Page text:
United Kingdom infant Charlie Gard’s parent’s announced today their baby boy has died, just a week short of his first birthday.
Charlie had a rare disease for which there is no known cure. His story captured the attention of the world after U.K. authorities fought Charlie’s parents over the right to travel to the United States for an experimental treatment. Myriad hospitals, doctors, and charities across the world offered to care for Charlie after his U.K. hospital refused him experimental treatment, for which they had raised millions privately to fund themselves. By delaying Charlie’s parents the ability to seek medical treatment overseas, U.K. authorities effectively ran out the clock on the young boy’s life.
Charlie’s fight for life unfolded in the public eye at the same time health care policies are being debated in the United States. Many pointed out that Charlie Gard’s story embodies the dangers of government-controlled medicine.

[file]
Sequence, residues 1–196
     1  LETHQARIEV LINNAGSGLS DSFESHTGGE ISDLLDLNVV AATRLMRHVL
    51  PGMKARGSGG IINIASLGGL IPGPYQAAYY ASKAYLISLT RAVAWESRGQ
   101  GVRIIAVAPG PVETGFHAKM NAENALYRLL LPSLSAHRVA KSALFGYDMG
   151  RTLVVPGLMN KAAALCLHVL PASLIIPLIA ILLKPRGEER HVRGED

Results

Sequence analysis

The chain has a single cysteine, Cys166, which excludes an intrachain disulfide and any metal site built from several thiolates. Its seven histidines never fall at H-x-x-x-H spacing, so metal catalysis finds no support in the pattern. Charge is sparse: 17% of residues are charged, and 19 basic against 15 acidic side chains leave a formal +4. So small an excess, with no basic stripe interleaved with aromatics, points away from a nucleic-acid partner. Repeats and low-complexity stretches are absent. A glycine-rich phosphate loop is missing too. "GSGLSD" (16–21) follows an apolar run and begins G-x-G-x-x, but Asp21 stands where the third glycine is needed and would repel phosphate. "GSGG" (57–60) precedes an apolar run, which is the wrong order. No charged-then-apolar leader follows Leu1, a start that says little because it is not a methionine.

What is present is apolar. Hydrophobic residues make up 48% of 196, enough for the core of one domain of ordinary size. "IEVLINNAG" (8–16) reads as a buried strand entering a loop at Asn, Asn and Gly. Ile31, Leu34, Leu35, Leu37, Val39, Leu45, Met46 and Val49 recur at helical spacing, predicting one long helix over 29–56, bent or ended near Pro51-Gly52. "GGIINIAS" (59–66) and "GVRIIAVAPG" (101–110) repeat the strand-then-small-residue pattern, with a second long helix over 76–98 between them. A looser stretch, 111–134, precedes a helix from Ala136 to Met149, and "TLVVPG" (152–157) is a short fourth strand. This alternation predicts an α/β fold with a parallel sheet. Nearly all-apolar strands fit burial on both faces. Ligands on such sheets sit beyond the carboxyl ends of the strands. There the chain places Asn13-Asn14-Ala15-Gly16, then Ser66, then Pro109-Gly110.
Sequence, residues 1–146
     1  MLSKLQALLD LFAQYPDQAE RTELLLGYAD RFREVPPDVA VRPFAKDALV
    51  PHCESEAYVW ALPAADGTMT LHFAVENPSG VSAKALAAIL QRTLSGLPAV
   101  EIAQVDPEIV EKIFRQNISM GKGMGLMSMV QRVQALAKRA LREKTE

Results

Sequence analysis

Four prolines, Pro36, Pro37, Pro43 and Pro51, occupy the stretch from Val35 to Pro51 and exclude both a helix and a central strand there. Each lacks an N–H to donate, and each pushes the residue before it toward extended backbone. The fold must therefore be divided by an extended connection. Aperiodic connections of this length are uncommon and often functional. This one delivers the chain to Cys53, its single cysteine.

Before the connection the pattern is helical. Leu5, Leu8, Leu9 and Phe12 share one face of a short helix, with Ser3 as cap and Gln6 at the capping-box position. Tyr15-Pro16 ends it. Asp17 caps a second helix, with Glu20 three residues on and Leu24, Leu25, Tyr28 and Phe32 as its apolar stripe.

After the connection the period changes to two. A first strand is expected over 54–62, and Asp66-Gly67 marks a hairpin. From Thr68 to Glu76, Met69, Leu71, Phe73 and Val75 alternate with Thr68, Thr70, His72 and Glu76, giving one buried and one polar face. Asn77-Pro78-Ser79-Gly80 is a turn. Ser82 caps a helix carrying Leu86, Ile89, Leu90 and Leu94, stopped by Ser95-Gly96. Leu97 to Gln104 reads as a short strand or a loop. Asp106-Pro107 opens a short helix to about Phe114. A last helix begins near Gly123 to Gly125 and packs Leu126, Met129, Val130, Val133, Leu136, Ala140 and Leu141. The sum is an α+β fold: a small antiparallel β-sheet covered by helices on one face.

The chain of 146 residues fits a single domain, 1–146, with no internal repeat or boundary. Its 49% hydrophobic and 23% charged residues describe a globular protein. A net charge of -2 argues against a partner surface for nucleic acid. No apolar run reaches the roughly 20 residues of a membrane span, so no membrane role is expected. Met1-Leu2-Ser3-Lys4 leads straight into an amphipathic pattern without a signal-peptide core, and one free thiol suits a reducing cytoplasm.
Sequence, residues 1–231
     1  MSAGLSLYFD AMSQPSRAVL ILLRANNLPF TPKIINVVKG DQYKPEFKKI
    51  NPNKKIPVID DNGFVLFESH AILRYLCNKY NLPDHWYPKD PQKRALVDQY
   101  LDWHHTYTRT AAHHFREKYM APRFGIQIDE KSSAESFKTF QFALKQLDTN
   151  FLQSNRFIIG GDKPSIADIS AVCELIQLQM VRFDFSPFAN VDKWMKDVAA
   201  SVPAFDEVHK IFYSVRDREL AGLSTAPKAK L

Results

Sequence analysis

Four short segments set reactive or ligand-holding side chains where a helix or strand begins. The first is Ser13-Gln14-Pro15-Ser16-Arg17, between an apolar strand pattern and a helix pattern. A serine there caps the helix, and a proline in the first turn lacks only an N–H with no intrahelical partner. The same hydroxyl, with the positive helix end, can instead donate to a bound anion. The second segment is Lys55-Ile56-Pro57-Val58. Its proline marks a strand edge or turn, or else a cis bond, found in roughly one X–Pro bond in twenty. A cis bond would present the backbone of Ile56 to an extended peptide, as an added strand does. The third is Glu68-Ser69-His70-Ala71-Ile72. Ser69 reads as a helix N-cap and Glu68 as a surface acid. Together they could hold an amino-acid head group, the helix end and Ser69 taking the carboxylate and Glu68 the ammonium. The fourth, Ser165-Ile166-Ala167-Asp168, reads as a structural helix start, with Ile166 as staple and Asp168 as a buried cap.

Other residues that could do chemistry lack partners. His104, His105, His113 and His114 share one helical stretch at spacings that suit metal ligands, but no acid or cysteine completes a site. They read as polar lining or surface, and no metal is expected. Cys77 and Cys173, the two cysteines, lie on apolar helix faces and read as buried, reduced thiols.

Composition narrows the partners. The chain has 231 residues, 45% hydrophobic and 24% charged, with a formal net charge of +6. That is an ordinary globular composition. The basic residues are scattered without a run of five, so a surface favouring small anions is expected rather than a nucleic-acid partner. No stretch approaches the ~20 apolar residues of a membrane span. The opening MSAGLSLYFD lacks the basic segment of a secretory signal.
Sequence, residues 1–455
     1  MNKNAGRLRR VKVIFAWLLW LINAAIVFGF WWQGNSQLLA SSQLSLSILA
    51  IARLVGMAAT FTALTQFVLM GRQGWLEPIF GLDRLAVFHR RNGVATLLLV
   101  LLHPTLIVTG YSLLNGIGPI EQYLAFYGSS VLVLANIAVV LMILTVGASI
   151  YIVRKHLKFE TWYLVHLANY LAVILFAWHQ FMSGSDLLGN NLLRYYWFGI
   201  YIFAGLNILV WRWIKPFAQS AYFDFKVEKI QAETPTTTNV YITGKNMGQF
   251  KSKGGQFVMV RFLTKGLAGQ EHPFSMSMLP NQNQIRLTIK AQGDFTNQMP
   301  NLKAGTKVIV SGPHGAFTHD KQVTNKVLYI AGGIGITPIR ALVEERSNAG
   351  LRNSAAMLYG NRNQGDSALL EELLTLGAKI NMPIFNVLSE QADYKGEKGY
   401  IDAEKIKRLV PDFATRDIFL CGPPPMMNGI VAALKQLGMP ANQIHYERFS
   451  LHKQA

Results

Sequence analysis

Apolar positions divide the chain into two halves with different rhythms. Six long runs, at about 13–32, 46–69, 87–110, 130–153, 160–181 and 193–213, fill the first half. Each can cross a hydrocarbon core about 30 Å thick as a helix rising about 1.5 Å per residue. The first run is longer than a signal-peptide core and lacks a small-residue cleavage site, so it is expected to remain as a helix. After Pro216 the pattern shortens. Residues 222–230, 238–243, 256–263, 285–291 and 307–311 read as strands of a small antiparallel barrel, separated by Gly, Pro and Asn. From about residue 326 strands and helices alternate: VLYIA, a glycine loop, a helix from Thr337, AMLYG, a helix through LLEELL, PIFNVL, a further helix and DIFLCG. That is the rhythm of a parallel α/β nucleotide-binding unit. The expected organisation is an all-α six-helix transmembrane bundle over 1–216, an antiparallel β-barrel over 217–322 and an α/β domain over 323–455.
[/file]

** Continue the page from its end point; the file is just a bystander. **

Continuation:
When life-saving treatments are expensive, which is typical for experimental treatments until they are repeatedly tested then refined, government has a vested interest in denying them to people whose odds of improvement are low, to save money — which is exactly what happened to young Charlie. This reduces the constant experimentation necessary to make medical advances possible, which is why the United States is the world’s leader in medical innovation, although that edge is slipping thanks to our increasingly government-driven health-care economy.
Sadly, this isn’t the first time a baby was denied life-saving treatments in favor of a warped political ideology, and it won’t be the last. As Caroline D’Agati wrote, it’s reminiscent of the twentieth-century eugenics movement — when science demanded society root out its weaker members for the advancement of the human race.